Spain is one big ‘YUM’! Between the jamon, chorizo, paella, tortilla, pan con tomate, pinchos, it’s hard to take a breath. Add to that that Barcelona has at least one of every other sort of restaurant imaginable and we found ourselves in for a treat. Though, admittedly, the food in Barcelona was basic and simple, the abundance of fresh and cheap seafood and fruit and veg make it a delicious city for the palate.
Paella was a favourite and we now know how to make it ourselves! Apparently, Paella really is the Spanish equivalent for American barbeque or potato salad. Everyone can make it and has their own variation. Though I felt a bit touristy ordering it at times, the locals also seem to love it and eat it at least once a week. Even in our very non-touristy borough in Barca the grocery had a special package of seafood pre-packed for the perfect paella! It’s just as easy to make as Jambalaya…and as tasty. Yum!
With jamon, we’ve learned that the trick is in the skill of the one who cuts it. To us, the best cuts are done by hand (not ours, but the shopkeeper’s, of course) and in long, thin strokes. While machines can be used, in our opinion, the hand cut is a bit nicer overall–they are less ‘slimy’ and because the hand cuts are a bit thicker than by machine, you’re able to savour a bit more of their flavour.
Jamon iberico is basically worshipped here. And while we’re also fans, we also find the cheaper breeds/types nice, as well. It just feels wrong somehow to put iberico on a sandwich, so we’re keen to have two types about the house. One for savouring (iberico) and one for casual use (sandwiches).
Pinchos are an artform in Basque country, but also in Barcelona. Many little hole in the wall bars have pinchos lined along the bar for the taking. You pick up a plate from the barkeep and count your toothpicks (one for each sandwich) and pay up when you’re finished. But, when you’re eating pinchos don’t walk in hungry…afterall, they’re tiny sandwiches!
My favourite pinchos were crab. Generally, fresh crab with mayonnaise, finely chopped onion, salt and pepper–or some also included a bit of paprika. Then, the trick to a perfect pincho is the garnish…the Basques have a crazy attention to detail and appreciate aesthetics (afterall, they are right next door to the french ). For example, my favourite crab pincho included a bit of the crab salad piled high on a thin slice of baguette. Then, on top they placed a small bit of pickled red pimento and a filet of anchovie–all topped with a bit of a fresh green herb.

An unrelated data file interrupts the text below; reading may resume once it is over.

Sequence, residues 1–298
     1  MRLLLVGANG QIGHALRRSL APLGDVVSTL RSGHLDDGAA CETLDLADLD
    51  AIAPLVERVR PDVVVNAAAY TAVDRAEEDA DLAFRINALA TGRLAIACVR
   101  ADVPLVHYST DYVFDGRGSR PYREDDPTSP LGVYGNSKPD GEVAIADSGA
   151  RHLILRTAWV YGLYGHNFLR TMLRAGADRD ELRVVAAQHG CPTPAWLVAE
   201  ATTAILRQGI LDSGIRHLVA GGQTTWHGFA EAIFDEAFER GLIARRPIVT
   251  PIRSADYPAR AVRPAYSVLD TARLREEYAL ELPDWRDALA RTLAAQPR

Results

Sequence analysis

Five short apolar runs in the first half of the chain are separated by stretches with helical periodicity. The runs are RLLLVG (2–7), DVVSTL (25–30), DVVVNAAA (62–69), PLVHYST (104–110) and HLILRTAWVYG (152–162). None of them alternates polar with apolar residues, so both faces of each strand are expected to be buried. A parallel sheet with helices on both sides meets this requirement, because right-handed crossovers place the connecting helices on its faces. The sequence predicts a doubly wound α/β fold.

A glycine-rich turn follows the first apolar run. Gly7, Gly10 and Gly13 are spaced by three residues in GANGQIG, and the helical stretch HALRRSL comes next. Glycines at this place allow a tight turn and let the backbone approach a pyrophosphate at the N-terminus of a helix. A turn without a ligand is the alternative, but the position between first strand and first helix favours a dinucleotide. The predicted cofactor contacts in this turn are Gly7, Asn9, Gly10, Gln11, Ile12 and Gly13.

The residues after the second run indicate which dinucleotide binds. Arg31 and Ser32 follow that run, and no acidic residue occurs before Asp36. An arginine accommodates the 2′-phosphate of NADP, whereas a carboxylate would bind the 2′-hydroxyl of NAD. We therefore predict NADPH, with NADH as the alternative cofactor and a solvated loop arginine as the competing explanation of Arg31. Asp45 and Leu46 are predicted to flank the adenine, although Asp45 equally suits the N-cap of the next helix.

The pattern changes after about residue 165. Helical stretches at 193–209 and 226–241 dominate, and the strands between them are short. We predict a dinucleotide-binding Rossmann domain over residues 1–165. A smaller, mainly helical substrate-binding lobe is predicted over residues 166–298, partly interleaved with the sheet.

Here are a few other pinchos that we enjoyed (assume all are on top of a very thin slice of baguette):
Sounds strange, but there’s some sort of potato salad that they place on these bits of bread. It’s like an American mayonaise-based salad with a bit of sugar added. Then, in addition to the usual bits, they add ham, of course. Topped with an anchovie filet and a fresh shrimp and a tad of paprika.
They take the typical Spanish tortilla, slice it in half, place a bit of crab salad (sans the paprika) in the middle. Whah la!
This one’s plain and simple…a tiny bit of green leaf lettuce, a ring of goat cheese, a bit of olive tepanade (the type with sundried tomato).
A tiny thin slice of iberico jamon topped by 3 pre-roasted mushrooms which are still firm to the touch. Topped with a bit of bechamel sauce and served warm.
Not quite sure of what’s in this one, or what to call it. But it’s delicious! Looking at it and tasting, it would seem to include julienned [plain] ham in very tiny cuts, scallions very thinly sliced, mayonnaise and salt & pepper. All topped with a slice of hardboiled egg.
Most pincho places also serve warm and cold racions (a half portion of a main dish intended as an appetizer). Our favourites, so far, have been seafood (ssteamed shrimp OR octopus) marinaded in lemon juice, olive oil and thinly chopped onions and fresh peppers. I would assume that a bit of s&p is also mixed in…